In a case that had implications for telehealth, the D.C. Circuit Court of Appeals ruled that the Federal Communications Commission had no authority to issue “net neutrality” rules which block broadband providers from treating sources of internet traffic differently. (Net Neutrality Ruling) Telemedicine users were concerned that they may need the carriers to be able to prioritize their transmissions, especially for critical medical needs, so they were not happy with the net neutrality notion and probably are cheering the ruling. The FCC’s response will likely be to find some other way to achieve the same end, but it is not clear Congress is on board.
Sermo and Athenahealth issued the results of a survey of 1000 physicians on various issues. The survey is a first in a series designed to create a Physician Sentiment Index. (Press Release) (Sentiment Index) (Registration Required) According to this version of the survey, over half feel government involvement in health care is not helpful and that the quality of medicine will decline in the next five years. They also feel their financial situation will worsen. They have very negative perceptions of their reimbursement interactions with payers. They are favorable regarding EHR potential, but view most current solutions as not working that well. They feel they are more adequately reimbursed by private payers than government programs like Medicaid or Medicare. One caveat, other than the usual methodological issues with surveys, is that the respondents are mostly from relatively smaller practices, who may be more disenchanted than the average physician.
In an earlier post we briefly mentioned a survey on how much revenue physicians generate for hospitals versus what they cost, but didn’t have a link to the full survey. Here is a link to that survey, which again demonstrates why physicians are so eager to employ or otherwise closely affiliate with physicians and how a hospital with many close physician ties can aggregate substantial market power. (Merritt Hawkins Survey)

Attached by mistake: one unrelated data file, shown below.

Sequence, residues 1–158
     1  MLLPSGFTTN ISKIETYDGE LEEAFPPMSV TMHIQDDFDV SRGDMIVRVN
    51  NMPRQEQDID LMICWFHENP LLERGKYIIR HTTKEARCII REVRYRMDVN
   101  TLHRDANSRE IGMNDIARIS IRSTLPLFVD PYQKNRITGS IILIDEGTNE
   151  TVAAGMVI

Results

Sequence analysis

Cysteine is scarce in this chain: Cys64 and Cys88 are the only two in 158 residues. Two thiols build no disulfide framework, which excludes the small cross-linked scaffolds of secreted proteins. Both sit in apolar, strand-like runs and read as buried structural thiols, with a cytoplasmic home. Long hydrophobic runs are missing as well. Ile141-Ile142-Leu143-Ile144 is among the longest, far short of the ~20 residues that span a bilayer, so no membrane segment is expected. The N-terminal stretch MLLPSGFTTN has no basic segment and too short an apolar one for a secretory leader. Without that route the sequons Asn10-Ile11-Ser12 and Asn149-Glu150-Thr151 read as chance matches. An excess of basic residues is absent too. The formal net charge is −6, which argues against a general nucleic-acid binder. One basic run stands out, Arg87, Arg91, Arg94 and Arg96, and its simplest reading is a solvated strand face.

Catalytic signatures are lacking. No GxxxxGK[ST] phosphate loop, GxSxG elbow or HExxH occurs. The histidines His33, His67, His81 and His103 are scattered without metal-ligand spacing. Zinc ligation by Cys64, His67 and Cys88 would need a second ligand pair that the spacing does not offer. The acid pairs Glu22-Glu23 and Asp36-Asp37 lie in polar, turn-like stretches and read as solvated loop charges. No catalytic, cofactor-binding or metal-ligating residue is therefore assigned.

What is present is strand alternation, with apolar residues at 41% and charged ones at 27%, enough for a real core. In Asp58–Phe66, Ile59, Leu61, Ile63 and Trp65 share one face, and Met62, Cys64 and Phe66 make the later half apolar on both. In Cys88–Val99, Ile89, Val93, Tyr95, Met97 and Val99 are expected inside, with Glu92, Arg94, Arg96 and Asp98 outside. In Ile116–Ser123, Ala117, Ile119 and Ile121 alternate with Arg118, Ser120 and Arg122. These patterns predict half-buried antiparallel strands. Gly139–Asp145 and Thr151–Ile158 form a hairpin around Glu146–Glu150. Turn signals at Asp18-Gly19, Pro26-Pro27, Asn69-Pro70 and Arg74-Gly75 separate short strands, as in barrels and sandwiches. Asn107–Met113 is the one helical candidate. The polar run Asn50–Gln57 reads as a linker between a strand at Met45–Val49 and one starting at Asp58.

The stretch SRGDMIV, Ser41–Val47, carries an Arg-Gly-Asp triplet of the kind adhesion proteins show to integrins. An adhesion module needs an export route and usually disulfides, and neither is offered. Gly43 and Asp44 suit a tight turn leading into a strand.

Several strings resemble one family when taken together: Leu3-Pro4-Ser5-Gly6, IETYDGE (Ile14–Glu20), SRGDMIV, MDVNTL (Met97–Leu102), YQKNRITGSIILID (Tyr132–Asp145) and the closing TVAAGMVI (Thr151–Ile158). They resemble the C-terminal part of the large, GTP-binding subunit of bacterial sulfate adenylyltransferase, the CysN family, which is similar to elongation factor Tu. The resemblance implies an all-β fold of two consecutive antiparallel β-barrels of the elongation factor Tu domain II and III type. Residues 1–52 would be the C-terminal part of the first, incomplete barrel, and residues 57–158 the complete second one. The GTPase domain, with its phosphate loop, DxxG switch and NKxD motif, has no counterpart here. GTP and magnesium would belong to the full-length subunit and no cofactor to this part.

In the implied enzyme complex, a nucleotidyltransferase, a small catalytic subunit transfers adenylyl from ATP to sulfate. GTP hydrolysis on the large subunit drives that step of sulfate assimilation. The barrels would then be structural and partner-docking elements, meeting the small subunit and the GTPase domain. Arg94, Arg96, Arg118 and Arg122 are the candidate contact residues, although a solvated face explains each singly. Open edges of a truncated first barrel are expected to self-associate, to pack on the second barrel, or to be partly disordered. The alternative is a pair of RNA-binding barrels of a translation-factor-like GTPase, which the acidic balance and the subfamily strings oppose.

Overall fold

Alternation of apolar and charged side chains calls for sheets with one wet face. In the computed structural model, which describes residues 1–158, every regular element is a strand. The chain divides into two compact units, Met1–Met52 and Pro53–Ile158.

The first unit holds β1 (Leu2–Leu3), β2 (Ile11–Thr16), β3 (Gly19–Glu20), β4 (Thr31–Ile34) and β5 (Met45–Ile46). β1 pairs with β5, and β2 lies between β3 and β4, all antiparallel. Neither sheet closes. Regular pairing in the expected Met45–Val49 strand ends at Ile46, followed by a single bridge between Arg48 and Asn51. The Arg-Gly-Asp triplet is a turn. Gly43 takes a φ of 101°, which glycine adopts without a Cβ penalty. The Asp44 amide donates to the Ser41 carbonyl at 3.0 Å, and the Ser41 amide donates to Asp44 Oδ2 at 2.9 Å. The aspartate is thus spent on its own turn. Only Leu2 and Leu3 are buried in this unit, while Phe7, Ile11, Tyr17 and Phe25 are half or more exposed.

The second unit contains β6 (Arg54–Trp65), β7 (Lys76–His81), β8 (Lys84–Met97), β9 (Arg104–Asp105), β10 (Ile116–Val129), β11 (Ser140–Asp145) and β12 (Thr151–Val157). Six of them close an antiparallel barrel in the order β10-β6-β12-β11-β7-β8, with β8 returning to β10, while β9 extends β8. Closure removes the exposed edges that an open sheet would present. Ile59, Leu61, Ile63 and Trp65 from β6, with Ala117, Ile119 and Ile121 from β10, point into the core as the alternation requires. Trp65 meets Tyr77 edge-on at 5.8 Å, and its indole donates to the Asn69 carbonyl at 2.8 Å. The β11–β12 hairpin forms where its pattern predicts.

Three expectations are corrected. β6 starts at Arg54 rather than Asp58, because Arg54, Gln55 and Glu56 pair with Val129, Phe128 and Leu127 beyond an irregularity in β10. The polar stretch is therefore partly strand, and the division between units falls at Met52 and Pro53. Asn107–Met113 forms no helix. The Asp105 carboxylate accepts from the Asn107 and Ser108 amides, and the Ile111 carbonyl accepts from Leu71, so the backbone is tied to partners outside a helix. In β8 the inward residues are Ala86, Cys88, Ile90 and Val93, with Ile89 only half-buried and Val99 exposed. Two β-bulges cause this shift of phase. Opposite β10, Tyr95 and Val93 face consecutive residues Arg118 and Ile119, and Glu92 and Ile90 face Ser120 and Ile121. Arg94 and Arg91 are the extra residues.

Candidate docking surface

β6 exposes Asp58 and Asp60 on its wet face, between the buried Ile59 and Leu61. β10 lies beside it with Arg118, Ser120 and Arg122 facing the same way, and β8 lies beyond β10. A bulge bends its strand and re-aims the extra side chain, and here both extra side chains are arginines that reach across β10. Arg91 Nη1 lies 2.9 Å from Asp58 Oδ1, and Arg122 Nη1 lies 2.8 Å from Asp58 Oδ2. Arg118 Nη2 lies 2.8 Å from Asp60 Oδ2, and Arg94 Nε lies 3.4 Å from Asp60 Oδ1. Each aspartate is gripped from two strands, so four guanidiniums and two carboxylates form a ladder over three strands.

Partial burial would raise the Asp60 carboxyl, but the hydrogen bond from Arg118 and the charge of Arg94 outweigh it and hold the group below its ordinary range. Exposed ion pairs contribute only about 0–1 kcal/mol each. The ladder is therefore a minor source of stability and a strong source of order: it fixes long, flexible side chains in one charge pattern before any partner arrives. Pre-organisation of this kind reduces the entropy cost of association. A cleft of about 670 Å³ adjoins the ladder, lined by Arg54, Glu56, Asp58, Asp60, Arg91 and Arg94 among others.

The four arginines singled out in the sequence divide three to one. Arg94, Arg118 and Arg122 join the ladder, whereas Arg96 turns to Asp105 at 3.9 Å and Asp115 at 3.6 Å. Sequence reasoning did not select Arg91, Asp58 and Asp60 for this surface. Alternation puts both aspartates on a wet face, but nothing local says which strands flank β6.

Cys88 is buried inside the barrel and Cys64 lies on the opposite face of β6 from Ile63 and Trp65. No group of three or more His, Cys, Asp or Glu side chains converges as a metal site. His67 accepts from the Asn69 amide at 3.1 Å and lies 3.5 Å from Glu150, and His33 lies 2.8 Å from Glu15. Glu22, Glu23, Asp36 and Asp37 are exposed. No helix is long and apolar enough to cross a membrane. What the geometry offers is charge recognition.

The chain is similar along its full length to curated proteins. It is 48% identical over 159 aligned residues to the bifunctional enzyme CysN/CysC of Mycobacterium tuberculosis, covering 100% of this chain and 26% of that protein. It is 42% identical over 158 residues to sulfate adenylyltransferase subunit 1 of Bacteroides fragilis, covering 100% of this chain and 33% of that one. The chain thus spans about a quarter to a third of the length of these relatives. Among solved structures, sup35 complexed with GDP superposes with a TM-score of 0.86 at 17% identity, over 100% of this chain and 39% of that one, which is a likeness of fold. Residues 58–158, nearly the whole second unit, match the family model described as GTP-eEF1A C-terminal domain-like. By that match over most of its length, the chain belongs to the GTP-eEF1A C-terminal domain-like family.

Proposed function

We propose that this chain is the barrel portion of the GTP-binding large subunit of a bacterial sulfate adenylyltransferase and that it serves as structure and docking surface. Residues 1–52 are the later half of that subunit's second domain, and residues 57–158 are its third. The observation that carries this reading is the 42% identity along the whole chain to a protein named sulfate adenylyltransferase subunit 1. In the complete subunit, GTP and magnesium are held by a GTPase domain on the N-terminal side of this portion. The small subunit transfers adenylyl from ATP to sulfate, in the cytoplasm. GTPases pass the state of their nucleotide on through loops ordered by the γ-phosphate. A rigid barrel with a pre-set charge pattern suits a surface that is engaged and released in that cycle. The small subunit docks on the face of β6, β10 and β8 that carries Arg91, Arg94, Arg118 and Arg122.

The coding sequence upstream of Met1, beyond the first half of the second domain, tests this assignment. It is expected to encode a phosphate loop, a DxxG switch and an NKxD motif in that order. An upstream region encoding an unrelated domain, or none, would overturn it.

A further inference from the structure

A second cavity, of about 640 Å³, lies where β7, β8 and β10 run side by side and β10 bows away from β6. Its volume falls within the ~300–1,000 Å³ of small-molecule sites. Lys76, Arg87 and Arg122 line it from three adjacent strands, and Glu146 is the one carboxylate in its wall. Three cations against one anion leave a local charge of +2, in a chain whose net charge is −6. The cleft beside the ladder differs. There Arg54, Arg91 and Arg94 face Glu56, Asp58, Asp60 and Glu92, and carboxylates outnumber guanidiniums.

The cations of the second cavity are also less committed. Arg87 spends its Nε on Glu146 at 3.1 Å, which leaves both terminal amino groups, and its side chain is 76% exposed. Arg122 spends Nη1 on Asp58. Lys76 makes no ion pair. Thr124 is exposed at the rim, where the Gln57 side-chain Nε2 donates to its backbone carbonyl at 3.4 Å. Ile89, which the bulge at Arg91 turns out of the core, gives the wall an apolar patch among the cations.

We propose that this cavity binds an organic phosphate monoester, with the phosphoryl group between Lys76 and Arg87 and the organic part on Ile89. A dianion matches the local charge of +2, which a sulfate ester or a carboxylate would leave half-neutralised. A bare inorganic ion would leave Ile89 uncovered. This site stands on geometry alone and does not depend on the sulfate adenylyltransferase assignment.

Aetna issued the results of its updated review of members covered by a consumer directed health plan versus a traditional one. The data indicates that for a full-replacement CDHP with an HSA or HRA, about $18 million in medical costs was saved per 10,000 members. That is a lot of savings. On a million people, it would be about $2 billion. The CDHP members spend more on preventive care and less on physician care and emergency room visits. They have greater use of generic drugs and they use online tools to help track and manage their health more. They take health assessments much more often than other members. (Aetna Release) (Aetna Study) Too bad the powers that be didn’t seem to think this was a direction worth encouraging in the new federal health act. If everyone was covered by a policy like this, it seems they would be more engaged in managing their health and health costs and their health would be as good, if not better.
As feared by many physicians, retail and work-site clinics are beginning to expand the services they offer. MinuteClinic, owned by CVS, announced that it would provide ongoing monitoring for patients with chronic diseases such as diabetes, asthma, high cholesterol and high blood pressure. The service includes taking a history and checking care against that recommended by guidelines. The results are sent to the patient’s physician, or if the patient doesn’t have a regular provider overseeing their care, the clinic can help them identify one. (MinuteClinic Announcement) While these retail clinics have not always made a lot of money for their owners, they are well-accepted by customers and by payers and they represent one way in which patient care is evolving.
In a bridge story between retail clinics and telehealth, a vendor has begun offering a system which is designed to facilitate the clinics ability to offer a fuller set of services by remote connection to physicians or other providers. The system is a combination of software and hardware which is described as a “mobile clinic on wheels.” (Telemedicine Story)
Getting patients to fill prescriptions and take the medication as prescribed is important for good care of most chronic diseases. A recent study by Express Scripts suggests that diabetes patients are more likely to be adherent to medication regimens if they use mail-order versus retail pharmacies. The determination of adherence is somewhat indirect, as it measures possession of an adequate amount of the drug, not actual use. The reasons why adherence might be better include lower cost, longer supply and more convenience. (Express Scripts Study)
The uses for communication technology in health care are exploding. Another innovation is the ability to remotely monitor a patient’s use of a CPAP machine that treats sleep apnea and ensure that they are compliant with therapy, which also facilitates meeting requirements for Medicare reimbursement. (Sleep Apnea App) This is another example of the value of real-time, continuous access to data; a value which is created by the spread of wireless and internet capabilities.